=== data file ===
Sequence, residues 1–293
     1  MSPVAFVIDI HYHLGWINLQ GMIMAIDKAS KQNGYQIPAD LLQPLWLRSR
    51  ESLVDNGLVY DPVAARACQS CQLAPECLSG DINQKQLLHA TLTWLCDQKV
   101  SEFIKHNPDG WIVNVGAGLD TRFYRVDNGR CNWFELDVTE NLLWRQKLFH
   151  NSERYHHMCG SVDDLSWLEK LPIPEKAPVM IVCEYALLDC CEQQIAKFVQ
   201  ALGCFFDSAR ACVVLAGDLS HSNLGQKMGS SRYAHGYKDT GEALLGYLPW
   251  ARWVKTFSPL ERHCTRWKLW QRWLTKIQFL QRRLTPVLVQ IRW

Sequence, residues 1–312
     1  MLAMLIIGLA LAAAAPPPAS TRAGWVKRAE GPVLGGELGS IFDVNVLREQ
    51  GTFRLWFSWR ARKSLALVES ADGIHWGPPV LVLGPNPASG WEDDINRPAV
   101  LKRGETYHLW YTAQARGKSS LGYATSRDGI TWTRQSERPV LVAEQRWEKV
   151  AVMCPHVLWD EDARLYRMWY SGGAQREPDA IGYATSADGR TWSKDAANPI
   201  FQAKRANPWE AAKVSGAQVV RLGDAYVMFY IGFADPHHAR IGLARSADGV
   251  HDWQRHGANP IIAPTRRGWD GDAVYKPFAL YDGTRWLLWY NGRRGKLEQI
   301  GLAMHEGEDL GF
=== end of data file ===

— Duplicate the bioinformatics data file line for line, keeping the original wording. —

Sequence, residues 1–293
     1  MSPVAFVIDI HYHLGWINLQ GMIMAIDKAS KQNGYQIPAD LLQPLWLRSR
    51  ESLVDNGLVY DPVAARACQS CQLAPECLSG DINQKQLLHA TLTWLCDQKV
   101  SEFIKHNPDG WIVNVGAGLD TRFYRVDNGR CNWFELDVTE NLLWRQKLFH
   151  NSERYHHMCG SVDDLSWLEK LPIPEKAPVM IVCEYALLDC CEQQIAKFVQ
   201  ALGCFFDSAR ACVVLAGDLS HSNLGQKMGS SRYAHGYKDT GEALLGYLPW
   251  ARWVKTFSPL ERHCTRWKLW QRWLTKIQFL QRRLTPVLVQ IRW

Sequence, residues 1–312
     1  MLAMLIIGLA LAAAAPPPAS TRAGWVKRAE GPVLGGELGS IFDVNVLREQ
    51  GTFRLWFSWR ARKSLALVES ADGIHWGPPV LVLGPNPASG WEDDINRPAV
   101  LKRGETYHLW YTAQARGKSS LGYATSRDGI TWTRQSERPV LVAEQRWEKV
   151  AVMCPHVLWD EDARLYRMWY SGGAQREPDA IGYATSADGR TWSKDAANPI
   201  FQAKRANPWE AAKVSGAQVV RLGDAYVMFY IGFADPHHAR IGLARSADGV
   251  HDWQRHGANP IIAPTRRGWD GDAVYKPFAL YDGTRWLLWY NGRRGKLEQI
   301  GLAMHEGEDL GF